Israeli company Watergen has scored a major publicity coup for its machine that turns humid air into water. According to a report in the Jerusalem Post, the technology has been installed at the Prince’s Palace.
WaterGen chairman Israeli-Georgian businessman and philanthropist Mikhael Mirilashvili and HSH Prince Albert met in an event organised by Tel Aviv University and investor and philanthropist Aaron Frenkel that marked the launching of the “Combat Pollution Initiative,” which aims to use a number of Israeli technologies to battle pollution in the Mediterranean region, the Jerusalem Post reported.
“One million plastic bottles are used every minute around the world,” said WaterGen executive chairman Maxim Pasik. “More than half a trillion bottles are used every year. In thirty years we are going to have another two billion people around the planet.” He added that “we are moving towards astronomical numbers of plastic waste and a significant amount of environmental pollution as a result. Our technology completely solves this problem.”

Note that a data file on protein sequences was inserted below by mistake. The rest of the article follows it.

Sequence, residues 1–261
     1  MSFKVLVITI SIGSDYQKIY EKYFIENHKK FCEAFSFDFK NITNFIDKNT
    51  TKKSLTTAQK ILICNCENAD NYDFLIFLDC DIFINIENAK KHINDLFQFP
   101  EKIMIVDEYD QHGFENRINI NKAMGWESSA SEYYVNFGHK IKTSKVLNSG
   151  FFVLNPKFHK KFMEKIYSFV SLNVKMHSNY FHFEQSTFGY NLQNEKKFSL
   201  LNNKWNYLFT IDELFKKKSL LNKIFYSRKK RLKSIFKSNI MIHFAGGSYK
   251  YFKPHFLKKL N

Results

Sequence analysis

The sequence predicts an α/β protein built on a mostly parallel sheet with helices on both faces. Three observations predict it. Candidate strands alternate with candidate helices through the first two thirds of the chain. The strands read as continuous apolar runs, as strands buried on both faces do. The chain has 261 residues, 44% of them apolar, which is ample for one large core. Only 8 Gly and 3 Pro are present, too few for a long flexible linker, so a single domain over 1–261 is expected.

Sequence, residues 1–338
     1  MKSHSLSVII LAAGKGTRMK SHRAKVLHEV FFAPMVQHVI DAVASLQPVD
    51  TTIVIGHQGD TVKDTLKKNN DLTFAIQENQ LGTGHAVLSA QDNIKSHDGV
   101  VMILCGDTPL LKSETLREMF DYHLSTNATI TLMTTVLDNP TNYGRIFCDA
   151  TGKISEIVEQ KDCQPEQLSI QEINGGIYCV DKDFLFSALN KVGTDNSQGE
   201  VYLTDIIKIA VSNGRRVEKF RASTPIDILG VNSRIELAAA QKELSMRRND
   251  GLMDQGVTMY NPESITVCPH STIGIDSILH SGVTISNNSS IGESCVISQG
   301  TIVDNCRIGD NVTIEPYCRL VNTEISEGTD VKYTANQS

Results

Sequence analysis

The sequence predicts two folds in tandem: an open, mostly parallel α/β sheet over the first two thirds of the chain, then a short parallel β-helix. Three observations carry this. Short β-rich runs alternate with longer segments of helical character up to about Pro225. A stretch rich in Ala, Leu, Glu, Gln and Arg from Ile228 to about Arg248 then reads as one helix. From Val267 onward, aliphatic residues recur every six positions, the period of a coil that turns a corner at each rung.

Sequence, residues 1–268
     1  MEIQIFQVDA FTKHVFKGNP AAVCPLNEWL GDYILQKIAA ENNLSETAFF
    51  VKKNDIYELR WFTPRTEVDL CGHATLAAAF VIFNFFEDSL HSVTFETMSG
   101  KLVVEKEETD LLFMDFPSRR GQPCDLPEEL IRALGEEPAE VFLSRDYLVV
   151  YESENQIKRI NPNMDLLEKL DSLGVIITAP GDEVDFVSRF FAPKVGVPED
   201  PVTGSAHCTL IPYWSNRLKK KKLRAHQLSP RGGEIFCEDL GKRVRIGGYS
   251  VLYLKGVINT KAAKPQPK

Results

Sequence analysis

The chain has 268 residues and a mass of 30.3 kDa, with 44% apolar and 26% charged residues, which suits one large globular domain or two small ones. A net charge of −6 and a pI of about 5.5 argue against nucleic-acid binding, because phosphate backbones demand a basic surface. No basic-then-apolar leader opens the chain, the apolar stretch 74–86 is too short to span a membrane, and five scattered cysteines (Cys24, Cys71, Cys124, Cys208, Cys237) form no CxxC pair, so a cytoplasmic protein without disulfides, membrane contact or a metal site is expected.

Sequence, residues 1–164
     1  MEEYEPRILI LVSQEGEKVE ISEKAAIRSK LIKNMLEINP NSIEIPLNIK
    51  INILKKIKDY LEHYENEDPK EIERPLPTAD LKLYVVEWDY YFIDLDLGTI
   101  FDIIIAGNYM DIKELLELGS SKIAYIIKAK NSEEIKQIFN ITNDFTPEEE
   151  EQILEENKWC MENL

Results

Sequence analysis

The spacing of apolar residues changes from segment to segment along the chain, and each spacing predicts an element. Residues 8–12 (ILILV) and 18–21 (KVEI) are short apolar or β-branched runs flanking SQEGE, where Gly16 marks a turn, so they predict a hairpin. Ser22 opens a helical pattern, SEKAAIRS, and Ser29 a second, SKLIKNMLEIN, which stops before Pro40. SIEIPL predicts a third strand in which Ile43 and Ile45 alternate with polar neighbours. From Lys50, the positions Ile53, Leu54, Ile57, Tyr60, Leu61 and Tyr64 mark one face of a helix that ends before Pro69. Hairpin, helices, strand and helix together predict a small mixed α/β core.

Watergen was created in Rishon Lezion in 2009 and developed technology that can turn atmospheric water into safe water. GEN-350, the water generator created by the company, can produce up to 900 litres of water per day. It weighs a mere 800 kilograms, making the system transportable and easily installable.
The technology has since been brought to some of the places most lacking in clean water throughout the world, including South Africa, Vietnam, Sierra Leone, and Uzbekistan.